9. Por Bajin, Siberia
High in the mountains in the middle of a lonely Siberian lake, scientists discovered the most mystifying archaeological site in Russia in 1891. Por-Bajin (which means “Clay House “) is a 1,300-year-old structure of 7 acres that takes up most of the small island on which it sits. Containing a maze of over 30 buildings, its high outer walls sit only 30 kilometers (20 mi) from the border with Mongolia. But over a century since its discovery, archaeologists are no closer to understanding who built this structure or why.
At first, researchers thought Por-Bajin was an ancient fortress of the Uighur Empire, nomads who ruled southern Siberia and Mongolia from 742–848. It’s constructed with a Chinese architectural style from that time. However, it’s so out of the way of trade routes and other settlements that competing theories eventually arose. Maybe it was a monastery, a summer palace, a memorial for a ruler, or an observatory for the stars. Evidence is accumulating that a Buddhist monastery was at the center of the complex, although only a few artifacts have been unearthed.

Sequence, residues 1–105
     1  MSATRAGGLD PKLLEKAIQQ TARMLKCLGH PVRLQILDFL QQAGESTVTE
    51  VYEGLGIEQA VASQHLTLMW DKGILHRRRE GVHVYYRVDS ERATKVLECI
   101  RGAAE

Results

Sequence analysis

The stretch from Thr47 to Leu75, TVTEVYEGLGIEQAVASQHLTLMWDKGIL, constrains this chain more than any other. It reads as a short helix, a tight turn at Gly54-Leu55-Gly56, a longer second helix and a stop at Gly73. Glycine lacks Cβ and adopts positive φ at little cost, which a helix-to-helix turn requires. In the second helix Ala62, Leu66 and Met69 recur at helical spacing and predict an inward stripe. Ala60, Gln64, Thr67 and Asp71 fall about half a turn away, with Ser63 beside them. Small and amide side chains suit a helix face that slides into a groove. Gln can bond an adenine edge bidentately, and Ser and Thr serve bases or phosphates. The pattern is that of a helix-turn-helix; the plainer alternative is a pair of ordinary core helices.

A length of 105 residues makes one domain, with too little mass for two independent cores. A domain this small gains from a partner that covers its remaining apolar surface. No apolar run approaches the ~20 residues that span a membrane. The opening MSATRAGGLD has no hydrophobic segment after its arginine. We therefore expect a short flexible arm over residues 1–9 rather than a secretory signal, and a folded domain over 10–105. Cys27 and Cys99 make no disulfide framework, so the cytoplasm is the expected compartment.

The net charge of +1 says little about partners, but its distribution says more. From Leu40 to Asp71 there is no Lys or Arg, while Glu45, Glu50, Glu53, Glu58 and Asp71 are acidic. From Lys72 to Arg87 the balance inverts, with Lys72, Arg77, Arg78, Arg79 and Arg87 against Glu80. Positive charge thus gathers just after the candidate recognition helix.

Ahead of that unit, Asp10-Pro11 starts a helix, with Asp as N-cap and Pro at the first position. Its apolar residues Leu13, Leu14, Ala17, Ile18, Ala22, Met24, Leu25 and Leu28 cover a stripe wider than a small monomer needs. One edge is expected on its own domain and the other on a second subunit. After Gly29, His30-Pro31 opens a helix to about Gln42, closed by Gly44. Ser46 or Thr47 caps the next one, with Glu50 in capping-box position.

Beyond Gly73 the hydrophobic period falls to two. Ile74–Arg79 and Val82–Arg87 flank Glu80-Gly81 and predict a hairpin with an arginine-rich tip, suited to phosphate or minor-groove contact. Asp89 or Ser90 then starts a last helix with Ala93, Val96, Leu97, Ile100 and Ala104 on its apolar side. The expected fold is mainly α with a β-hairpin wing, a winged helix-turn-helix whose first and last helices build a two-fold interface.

The complex does not appear to have been inhabited for long. Archaeologists found indications of earthquakes that may have caused a fire that burned some of the original site. However, the fire appears to have occurred after the island was abandoned for reasons unknown.